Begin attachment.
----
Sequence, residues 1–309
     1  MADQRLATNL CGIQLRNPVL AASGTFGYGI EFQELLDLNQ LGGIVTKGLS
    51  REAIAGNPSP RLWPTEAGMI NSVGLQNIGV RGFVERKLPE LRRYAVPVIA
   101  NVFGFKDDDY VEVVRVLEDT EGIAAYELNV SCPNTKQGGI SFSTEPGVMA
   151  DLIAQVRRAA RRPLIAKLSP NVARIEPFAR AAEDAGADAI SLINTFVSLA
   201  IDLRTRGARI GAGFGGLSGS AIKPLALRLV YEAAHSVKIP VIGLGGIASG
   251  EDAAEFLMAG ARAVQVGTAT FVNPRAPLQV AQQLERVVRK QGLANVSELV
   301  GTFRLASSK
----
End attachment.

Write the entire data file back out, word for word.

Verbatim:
Sequence, residues 1–309
     1  MADQRLATNL CGIQLRNPVL AASGTFGYGI EFQELLDLNQ LGGIVTKGLS
    51  REAIAGNPSP RLWPTEAGMI NSVGLQNIGV RGFVERKLPE LRRYAVPVIA
   101  NVFGFKDDDY VEVVRVLEDT EGIAAYELNV SCPNTKQGGI SFSTEPGVMA
   151  DLIAQVRRAA RRPLIAKLSP NVARIEPFAR AAEDAGADAI SLINTFVSLA
   201  IDLRTRGARI GAGFGGLSGS AIKPLALRLV YEAAHSVKIP VIGLGGIASG
   251  EDAAEFLMAG ARAVQVGTAT FVNPRAPLQV AQQLERVVRK QGLANVSELV
   301  GTFRLASSK